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Relationships at this level are characterized by ever-increasing joy of harmonious energies. Partners relate to each other through pure self-giving that expects nothing in return and knows there is greater joy in giving than in receiving. They recognize each other as the spiritual complement that fulfills and completes them.
The true basis for human harmonious relationship is not similarity or identity between partners. It is complementarity. Each of us is completed and stimulated to grow by contact with a person of complementary nature who sees, feels and responds differently than we do. Complementarity releases energy for self-discovery and growth. Instead of trying to wipe out or gloss over differences, discover the richness they contain.
Accepting another with all their imperfections results in a beautiful relationship. But not noting the imperfections at all ensures perfect and complete harmony. Jane Bennet and Charles Bingley in Pride and Prejudice achieve this level of harmony. From their first meeting, they are happy to be together. She is the most beautiful creature he ever beheld, he feels. He is just what a young man ought to be, she believes. As they get better acquainted with each other, they are convinced more and more of each other's perfection. They never argue or disagree. There is not a single aspect of each other's personality that they would like to change or improve. They do not gloss over each other's faults, ignore them, make excuses for them or forgive them. They simply do not see them. What looks to the rest of the world as Bingley's weakness is to Jane only his modesty. Jane's timidity and reticence make her more angelic to Bingley. This is not a result of infatuation that wears off with time or an illusion that vanishes giving way to reality. This IS reality. They refuse to see the defects out of an idealism of harmony. Rather than expecting perfection in each other and trying to find it, they discover the perfection that is already there.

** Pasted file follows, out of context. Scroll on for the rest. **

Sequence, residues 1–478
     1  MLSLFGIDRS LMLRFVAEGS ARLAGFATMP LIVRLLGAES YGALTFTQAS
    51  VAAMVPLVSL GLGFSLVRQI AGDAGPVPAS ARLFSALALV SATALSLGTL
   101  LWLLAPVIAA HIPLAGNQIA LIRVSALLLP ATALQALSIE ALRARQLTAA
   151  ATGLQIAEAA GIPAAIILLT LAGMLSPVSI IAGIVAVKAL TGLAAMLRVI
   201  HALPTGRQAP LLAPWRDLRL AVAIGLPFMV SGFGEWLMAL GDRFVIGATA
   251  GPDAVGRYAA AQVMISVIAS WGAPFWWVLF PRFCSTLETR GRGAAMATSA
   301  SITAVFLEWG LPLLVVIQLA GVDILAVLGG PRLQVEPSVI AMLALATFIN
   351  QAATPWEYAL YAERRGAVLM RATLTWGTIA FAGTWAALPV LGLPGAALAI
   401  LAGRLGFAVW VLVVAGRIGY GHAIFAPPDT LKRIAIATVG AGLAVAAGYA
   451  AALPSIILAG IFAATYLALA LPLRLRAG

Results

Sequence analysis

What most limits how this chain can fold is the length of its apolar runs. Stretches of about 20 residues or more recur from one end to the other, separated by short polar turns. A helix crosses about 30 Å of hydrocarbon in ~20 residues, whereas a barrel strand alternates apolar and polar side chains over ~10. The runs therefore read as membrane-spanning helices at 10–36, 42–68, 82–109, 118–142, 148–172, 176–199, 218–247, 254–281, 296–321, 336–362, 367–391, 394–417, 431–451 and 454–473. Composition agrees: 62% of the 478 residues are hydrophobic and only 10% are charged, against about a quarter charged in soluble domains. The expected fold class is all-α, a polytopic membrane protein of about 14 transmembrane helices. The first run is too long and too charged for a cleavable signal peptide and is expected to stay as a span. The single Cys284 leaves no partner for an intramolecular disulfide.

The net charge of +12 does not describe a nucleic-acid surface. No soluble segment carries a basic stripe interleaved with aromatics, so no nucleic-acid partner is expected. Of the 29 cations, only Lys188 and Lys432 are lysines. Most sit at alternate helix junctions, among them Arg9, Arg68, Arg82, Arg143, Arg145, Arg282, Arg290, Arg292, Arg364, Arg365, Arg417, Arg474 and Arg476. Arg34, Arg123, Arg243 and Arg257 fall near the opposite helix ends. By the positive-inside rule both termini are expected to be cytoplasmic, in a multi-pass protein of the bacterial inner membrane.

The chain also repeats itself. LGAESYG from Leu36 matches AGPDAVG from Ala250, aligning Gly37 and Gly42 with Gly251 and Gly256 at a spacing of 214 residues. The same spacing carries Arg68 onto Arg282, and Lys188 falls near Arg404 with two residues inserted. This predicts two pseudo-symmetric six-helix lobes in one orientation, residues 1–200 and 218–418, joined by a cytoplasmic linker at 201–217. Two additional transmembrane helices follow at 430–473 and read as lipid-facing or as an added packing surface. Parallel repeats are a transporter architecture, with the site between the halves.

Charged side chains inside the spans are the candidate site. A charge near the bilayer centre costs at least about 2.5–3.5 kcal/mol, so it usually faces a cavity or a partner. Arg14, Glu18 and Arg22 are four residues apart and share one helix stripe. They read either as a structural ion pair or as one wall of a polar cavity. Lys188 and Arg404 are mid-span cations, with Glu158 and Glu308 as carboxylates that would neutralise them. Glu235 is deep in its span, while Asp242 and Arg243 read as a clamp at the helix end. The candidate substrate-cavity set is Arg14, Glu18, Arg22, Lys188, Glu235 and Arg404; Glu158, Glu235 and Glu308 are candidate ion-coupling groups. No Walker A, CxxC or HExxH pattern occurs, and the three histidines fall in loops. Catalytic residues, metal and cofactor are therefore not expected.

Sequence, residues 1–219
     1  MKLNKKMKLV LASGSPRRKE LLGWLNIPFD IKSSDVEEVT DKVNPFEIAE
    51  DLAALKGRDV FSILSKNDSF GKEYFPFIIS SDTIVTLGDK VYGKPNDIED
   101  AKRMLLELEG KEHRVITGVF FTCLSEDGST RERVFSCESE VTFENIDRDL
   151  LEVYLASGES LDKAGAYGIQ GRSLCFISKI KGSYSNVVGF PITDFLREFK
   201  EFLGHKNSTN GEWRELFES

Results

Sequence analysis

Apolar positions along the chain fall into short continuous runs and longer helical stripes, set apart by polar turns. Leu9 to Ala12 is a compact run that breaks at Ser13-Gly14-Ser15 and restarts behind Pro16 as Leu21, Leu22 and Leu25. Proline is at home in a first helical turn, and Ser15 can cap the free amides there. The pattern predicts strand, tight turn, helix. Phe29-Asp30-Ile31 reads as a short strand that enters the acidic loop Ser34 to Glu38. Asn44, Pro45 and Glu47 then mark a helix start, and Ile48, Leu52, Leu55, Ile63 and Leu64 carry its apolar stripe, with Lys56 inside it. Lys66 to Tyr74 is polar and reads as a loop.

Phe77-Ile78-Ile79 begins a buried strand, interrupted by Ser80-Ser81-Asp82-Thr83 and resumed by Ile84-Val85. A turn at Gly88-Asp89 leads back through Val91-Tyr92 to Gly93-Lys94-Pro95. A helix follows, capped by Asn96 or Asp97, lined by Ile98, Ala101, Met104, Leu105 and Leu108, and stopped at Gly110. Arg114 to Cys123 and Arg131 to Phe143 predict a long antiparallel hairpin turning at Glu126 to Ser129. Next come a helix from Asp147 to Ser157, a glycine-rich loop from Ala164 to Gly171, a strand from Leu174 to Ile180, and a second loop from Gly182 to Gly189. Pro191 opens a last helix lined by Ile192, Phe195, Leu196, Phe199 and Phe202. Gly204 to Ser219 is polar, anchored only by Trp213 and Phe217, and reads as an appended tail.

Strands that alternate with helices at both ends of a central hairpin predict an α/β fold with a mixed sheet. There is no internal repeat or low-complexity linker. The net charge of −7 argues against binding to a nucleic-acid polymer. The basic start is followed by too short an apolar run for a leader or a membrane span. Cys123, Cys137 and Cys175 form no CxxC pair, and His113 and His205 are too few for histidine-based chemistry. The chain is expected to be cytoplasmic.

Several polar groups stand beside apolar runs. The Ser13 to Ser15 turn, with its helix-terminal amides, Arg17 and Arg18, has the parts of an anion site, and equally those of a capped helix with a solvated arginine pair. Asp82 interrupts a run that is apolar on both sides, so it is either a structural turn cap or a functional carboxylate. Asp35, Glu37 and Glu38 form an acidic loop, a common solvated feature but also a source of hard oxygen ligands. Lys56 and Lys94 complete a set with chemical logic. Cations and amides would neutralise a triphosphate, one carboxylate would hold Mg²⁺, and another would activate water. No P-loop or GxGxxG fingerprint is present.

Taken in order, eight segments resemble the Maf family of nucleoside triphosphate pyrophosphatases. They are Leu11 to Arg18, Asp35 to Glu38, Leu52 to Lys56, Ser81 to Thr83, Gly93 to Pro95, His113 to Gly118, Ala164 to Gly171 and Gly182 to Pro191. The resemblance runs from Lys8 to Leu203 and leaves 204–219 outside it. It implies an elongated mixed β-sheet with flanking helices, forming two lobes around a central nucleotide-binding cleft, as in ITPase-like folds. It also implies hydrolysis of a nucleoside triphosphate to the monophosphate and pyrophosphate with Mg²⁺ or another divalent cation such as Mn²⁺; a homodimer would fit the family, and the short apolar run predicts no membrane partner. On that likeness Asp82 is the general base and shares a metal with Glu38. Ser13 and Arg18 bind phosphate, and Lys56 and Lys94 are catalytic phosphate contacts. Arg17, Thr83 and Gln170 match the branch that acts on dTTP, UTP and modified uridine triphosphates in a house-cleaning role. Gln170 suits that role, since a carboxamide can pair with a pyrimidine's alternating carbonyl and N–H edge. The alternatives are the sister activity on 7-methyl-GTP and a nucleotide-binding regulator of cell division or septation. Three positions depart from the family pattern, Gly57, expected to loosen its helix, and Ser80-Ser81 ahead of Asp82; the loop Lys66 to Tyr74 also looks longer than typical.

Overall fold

Ashley & Melanie (Gone with the Wind)
Harmony is an inner state, not an outer condition. The highest level of harmonious relationship can be achieved in the most challenging and impossible external circumstances. It is our response that determines the level of harmony, not life. Wealthy plantation owner Ashley Wilkes married his cousin Melanie in Georgia just before the outbreak of the Civil War and lived to struggle against starvation and death during the darkest days of the Reconstruction that followed the defeat of the South. The hardships they underwent make their story one of the most dramatic and realistic depictions of the destruction and pain wrought by war. During the war Ashley was seriously wounded, captured by the Yankees and incarcerated in a camp of disease-ridden dying prisoners of war. Melanie saw their plantation destroyed and Atlanta burned. Despite her frail health, she nursed wounded soldiers and worked in the fields like a slave to keep herself and her friends alive. When Ashley finally returned from the war, they faced more years of physical hardship and spent the rest of their life together in a meager shack of house sharing what little they had with friends and family.
Yet in spite of the hardship and suffering, no one can recall ever hearing a word of complaint or resentment expressed by either against the other. They loved and cherished one another as though they were one person instead of two and never for a moment blamed their partner for any suffering or deficiency they had to undergo.
Jodhaa Bai and Emperor Akbar (Jodhaa Akbar)
Jodhaa Akbar is a sixteenth century love story about a political marriage of convenience that gave birth to true love between a great Mughal emperor, Akbar, and a Rajput princess, Jodhaa.
Jodhaa is forced to marry the Emperor Akbar to protect her father’s kingdom. Their relationship starts off with a lot of dislike and prejudices. Gradually as they started to live together, she came to feel an awe inspired by his bravery, his fair and just methods of ruling a vast empire, and his strong personality. At the same time, she was amazed by his kindness, goodness of character and respect for her. Akbar in turn was impressed by her beauty, poise and compassion towards others. He fell deeply in love with her but waited for her to reciprocate his love. He built a small temple for her inside her quarters and did not interfere in any of her activities. She learned his language, cooked for him in spite of being the Queen of Hindustan, and when he fell ill, she nursed him with true devotion. They fell deeply in love and their true union took place mentally and physically. They complemented one another and what started as a marriage for political and social obligation turned into a lifetime of eternal love and true devotion.
To raise your relationship to a higher level of harmony, see Strategies to Increase Harmony in Your Relationship
Partners have learned to understand each other's point of view and to genuinely appreciate the truth, value and validity in it. Relationships at this level are characterized by mutual respect and admiration.